Skip to main content

Antidote to the Squandered Marketing Budget

IDC's yearly consumer survey of Nordic attitudes and purchases of consumer electronics (CE) goods reveals that online marketing has not only gained momentum, it has long surpassed traditional advertising effectiveness.

It's fast gaining on in-store shopping as the preferred source of information for the family's new flat screen TV, gaming device, or personal computer. When searching for a new CE device, less than 25 percent of the families read any of the pile of print ads that swamps consumers on weekends, whereas more than 70 percent of the Nordic homes visit both the Internet and physical stores for inspiration.

Editorials such as product tests and evaluations are an important source for information and advice, together with one's closest family influencer. At any phase throughout the decision and buying process, printed advertisements are regarded as the least important source.

Traditional products such as printers, digital cameras, and portable PC's will continue to be top sellers over the coming six months, together with large flat screen TV's and anything that starts with HD (high definition), which will be at the top of consumer wish lists for Christmas.

In the core markets, advertising companies and media houses again seem to be on the wrong foot, according to IDC's assessment. Less than 20 percent of consumer electronic decision makers and buyers are under 24 years old whereas the vast majority of buyers -- women and men -- are found in the 25 to 54 age group.

This is contrary to the impression one often gets from reading ads or watching TV commercials for digital devices of any kind. I believe that while this IDC market study may include a European bias, it's likely to reflect the market dynamics of all other developed regions.

The amount of wasted effort that goes into print adverting campaigns is fueled by traditional ad agencies -- and their out-of-touch marketer clients -- who choose to stay in their comfort zone, regardless of the mounting evidence that conventional wisdom has proven to deliver a pitiful ROI.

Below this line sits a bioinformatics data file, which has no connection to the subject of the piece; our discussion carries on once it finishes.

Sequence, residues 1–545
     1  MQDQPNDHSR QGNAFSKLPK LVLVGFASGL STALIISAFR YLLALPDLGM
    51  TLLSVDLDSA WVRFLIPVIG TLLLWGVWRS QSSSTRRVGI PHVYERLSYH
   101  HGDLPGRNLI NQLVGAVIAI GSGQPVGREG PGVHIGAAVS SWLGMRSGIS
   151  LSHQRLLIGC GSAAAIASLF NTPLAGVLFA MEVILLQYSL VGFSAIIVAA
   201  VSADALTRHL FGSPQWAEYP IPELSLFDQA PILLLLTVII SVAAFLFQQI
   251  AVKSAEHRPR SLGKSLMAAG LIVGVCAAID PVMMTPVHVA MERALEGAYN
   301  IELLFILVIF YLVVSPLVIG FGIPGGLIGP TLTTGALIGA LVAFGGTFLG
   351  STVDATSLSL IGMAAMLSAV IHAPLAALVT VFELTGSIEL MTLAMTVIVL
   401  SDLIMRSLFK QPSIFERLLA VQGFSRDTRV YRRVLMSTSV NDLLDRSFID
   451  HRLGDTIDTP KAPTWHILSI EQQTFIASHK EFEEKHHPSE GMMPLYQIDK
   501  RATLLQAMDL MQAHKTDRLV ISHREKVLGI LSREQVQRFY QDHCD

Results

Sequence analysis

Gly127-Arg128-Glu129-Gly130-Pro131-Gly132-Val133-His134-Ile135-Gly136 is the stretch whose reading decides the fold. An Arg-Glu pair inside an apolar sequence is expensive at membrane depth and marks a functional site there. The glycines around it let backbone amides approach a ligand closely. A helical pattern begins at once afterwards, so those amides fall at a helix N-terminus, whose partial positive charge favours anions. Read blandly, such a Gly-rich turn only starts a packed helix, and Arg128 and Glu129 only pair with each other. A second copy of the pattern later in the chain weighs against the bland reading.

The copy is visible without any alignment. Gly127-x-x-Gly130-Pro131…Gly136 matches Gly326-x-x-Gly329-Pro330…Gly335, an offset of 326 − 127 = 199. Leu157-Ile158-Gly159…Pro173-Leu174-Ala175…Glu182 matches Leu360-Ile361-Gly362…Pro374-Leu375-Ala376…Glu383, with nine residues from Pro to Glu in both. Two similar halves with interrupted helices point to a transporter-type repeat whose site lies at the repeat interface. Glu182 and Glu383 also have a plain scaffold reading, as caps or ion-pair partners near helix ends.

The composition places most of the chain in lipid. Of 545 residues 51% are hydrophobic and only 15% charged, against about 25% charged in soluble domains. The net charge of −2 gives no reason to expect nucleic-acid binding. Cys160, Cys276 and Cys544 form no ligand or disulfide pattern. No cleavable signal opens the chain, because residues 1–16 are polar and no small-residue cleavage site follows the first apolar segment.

That said, forward-looking marketers will continue to have a competitive advantage -- for as long as their rivals are stuck in the bygone era of mass-market thinking. However, the window of opportunity could close quickly, once web analytics data is routinely reviewed by CFOs and their staff.

Many legacy CMOs have historically squandered their marketing budgets due to the prior lack of meaningful advertising metrics and associated reporting methodologies. The ongoing trend of increased online promotion will continue the shift towards improved marketing accountability and performance-based ad budget assignment.

Clearly, we already have the antidote to the poisoned business processes.

Popular posts from this blog

$4 Trillion Digital Transformation Upswing

As a C-suite leader, you're constantly bombarded with investment opportunities. In today's large enterprise arena, few initiatives hold the same potential as Digital Transformation (DX). Yet, securing ongoing buy-in from the board and other key stakeholders hinges on a clear understanding of market momentum and the return on investment that DX promises.  A recent IDC worldwide market study sheds valuable light on this critical topic. Let's delve into some key takeaways and explore what they mean for your organization's tech strategy. Digital Transformation Market Development The IDC study describes a market surging toward investment adoption maturity. Worldwide spending on DX technologies is forecast to reach $4 trillion by 2027, reflecting a compound annual growth rate (CAGR) of 16.2 percent. This exponential growth signifies an opportunity for industry leaders to leverage digital business tools and strategies to gain a competitive edge, with Artificial Intelligence (A